By Alan Freed
Divorce. Say the word and immediately angry words, accusations, recriminations, battles, broken hearts, and battered dreams come to mind. In the midst of all that negativity, Collaborative Divorce sounds like pie in the sky, a kumbaya embrace in a hand-to-hand combat world.
Here’s some divorce reality: If you have children, you and your spouse are engaged in a lifetime partnership that does not end when the judge signs your divorce decree. If your divorce plays out as a war, your post-divorce life will start out as a bombed out landscape that can take years to rebuild.
Collaborative Divorce is a process that treats a divorce as a problem to be solved, rather than a battle to be waged. It recognizes that divorce involves more than just legal rights and obligations. It involves complex emotions, changing relationships, child development issues, income tax calculations, and a host of other complicated factors to take into account.
In a Collaborative Divorce, a team of professionals, including lawyers for both sides, a financial professional (usually a CPA), and one or more mental health professionals, works together with the couple to craft creative resolutions of all of the divorce issues—division of property and debt, care of the children, child support, spousal support (maintenance or alimony)—taking into account the needs of all members of the family, parents as well as children.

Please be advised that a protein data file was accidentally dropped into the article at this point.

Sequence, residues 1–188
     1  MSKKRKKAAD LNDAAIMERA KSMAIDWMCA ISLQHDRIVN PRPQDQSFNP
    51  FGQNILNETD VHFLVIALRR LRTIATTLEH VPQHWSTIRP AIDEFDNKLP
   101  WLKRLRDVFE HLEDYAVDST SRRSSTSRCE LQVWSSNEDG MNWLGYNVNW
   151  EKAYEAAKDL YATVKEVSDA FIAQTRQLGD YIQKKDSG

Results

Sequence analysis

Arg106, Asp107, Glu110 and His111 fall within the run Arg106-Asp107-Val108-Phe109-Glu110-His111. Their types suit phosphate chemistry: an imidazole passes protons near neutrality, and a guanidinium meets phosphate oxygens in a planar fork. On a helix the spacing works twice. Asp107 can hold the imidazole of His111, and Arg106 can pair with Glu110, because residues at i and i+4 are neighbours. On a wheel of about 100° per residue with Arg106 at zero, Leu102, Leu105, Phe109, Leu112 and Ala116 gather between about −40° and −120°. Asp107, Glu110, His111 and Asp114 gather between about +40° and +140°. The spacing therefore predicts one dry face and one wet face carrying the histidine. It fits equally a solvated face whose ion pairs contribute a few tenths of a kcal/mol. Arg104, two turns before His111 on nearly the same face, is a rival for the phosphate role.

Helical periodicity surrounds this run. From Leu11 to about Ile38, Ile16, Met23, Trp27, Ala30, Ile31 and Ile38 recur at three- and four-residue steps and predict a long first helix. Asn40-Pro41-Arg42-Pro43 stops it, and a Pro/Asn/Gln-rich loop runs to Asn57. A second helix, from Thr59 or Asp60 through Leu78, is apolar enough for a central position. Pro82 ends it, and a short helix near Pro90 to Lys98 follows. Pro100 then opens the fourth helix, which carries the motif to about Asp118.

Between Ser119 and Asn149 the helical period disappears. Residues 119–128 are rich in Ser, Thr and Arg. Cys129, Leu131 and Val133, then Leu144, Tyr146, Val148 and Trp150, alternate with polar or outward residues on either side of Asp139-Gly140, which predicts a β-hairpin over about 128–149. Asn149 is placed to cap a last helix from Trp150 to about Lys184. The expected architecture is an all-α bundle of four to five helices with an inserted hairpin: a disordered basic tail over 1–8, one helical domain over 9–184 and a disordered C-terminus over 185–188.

While the lawyers tend to the legal issues and provide advice for their clients, the mental health professionals keep the couple communicating effectively as well as focusing on the children’s particular needs, and the financial professional gathers the family’s asset, debt, income, and expense information and then assists the couple in making the family’s money stretch as far as possible.
Collaborating in this process doesn’t mean “rolling over” or abandoning your own needs. Rather, it allows both parties to be heard and to hear each other in a safe and supportive environment and then helps them build an agreement that truly reflects the specific needs of each unique family.
One hidden benefit of the Collaborative Process is that when changes to the agreement are needed because of new jobs, moves, new expenses, or any other of life’s ups and downs, the couple, having worked things out the first time by sitting across the table from each other, have a much better chance of coming up with a peaceful resolution and avoiding the courtroom. That’s a win for the whole family.
The St. Louis and Clayton, MO collaborative divorce attorneys of Paule, Camazine & Blumenthal can tell you more about Collaborative Divorce and help you determine if it’s a good alternative for your family.